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Throughout history humankind has focused on what divides us. Wars have been waged over skin color, land and religion. Despite these differences people from Latin America to Asia all stumbled upon the idea of putting seasoned some meat or vegetables inside a tasty crust and serving them at all hours of the day.
One could argue that in Miami the empanada is the standard bearer for savory pastries. Yet you can also find samosas, a fragrant Indian pastry stuffed with meat or curried vegetables and either baked or fried. Our Jewish friends offer the knish, most commonly filled with potato but sometimes meat. Yet large Jamaican populations in South Florida, particularly in the northern part of Miami-Dade as well as Broward, brought us the patty.
We're happy to take down half a dozen spicy patties for lunch, but recognize all patties aren't created equally. You might have seen them as limp, unnaturally yellow things sitting under a gas station heat lamp. Yet the real thing is far different than the frozen, reheated hockey pucks.
Using fresh ingredients, and frying patties to order is key, said Lara Peterson, manager of Sonia's Patties in Kendall.
"Everyone makes it a little different traditionally they are more orange-ish," she said. "That's more food coloring than anything." The most common patty filling is spicy ground beef, yet everything from curried chicken and lobster to plantain to ackee, a Jamaican fruit similar to scrambled eggs can be tucked inside what should be a tender, flaky crust made with Crisco instead of butter.
5. Jamaica Kitchen
In the corner of a Sunset Drive strip mall Jamaica Kitchen has been a mainstay for Chinese-Jamaican food since the mid 1980s. Here patties are made according to a Jamaica Kitchen recipe in a factory that the Chin family, who own the restaurant, once owned. Patty options include mild and spicy beef, curry and jerk chicken, and callaloo, made from a stewed leafy vegetable combined with saltfish, tomatoes, onion, scallion and scotch bonnet peppers.
4. Marie Patties Inc.
In Palmetto Bay, not too far from ZooMiami, Marie Patties specializes in the spicy beef patty. They're made and baked in house and come in that unmistakable yellow-orange crust. The red dot on a patty signifies that it's spicy. Dozens continually emerge on trays from a back room only to fly out the door singly or by the dozen. We suggest you grab a Ting, a Jamaican grapefruit soda, to cool down if things get too hot.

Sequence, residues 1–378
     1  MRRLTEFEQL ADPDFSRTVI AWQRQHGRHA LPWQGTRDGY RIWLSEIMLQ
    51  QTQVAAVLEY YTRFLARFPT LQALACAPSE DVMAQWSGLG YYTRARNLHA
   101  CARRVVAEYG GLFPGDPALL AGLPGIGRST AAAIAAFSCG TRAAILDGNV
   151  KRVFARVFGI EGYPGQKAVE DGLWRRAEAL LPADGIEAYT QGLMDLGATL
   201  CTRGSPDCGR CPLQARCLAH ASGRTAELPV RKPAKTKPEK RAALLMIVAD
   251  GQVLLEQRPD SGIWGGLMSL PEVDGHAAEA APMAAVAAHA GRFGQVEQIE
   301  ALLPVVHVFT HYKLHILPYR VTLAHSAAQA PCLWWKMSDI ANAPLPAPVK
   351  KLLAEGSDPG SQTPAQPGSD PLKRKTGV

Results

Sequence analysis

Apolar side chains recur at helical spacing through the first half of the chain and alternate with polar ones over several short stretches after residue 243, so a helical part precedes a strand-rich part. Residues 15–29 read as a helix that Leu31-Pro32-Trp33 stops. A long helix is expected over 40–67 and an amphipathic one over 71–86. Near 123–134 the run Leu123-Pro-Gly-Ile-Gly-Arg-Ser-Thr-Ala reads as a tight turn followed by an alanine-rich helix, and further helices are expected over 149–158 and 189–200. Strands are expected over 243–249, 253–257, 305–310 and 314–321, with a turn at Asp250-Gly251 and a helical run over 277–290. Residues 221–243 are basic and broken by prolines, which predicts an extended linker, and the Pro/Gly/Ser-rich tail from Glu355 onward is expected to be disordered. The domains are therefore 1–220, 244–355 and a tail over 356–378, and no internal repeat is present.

3. The Patty Place
This 300-square-foot take-out joint took the award for Best Jamaican Patty in 2008 and hasn't let up since. You know it's true because on most days they're sold out by the early evening. You'll never pay more than $1.50 per patty and choices range from corned beef to ackee to callaloo.
2. Hammond's Bakery
On the outskirts of a barren dead zone created by Dolphin Stadium sits Wayne Hammond's bakery. Here you won't find any of those greasy bright yellow things gas stations try to pass off as real food. Hammond's took the award in 2012 for the best patty in town. They even offer a vegetarian callaloo patty we said was "downright healthy." Yet if you're going to come to this part of town to do something other than watch Dolphins owner Stephen Ross burn stacks of money we suggest you grab a dozen beef patties for $18.
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SHOW ME HOW
1. Sonia's Patties
When you walk into Sonia's Patties you see two things: The first is usually a group of people waiting around for their order. The second is an impatient person wincing in pain after biting into a searing hot patty fresh out of the fryer. Choices here are simply mild and spicy beef and curry chicken. Patties are fried to order, so be patient and don't burn yourself. If you're lucky you'll go on a day when they're selling curry lobster patties for $5.99.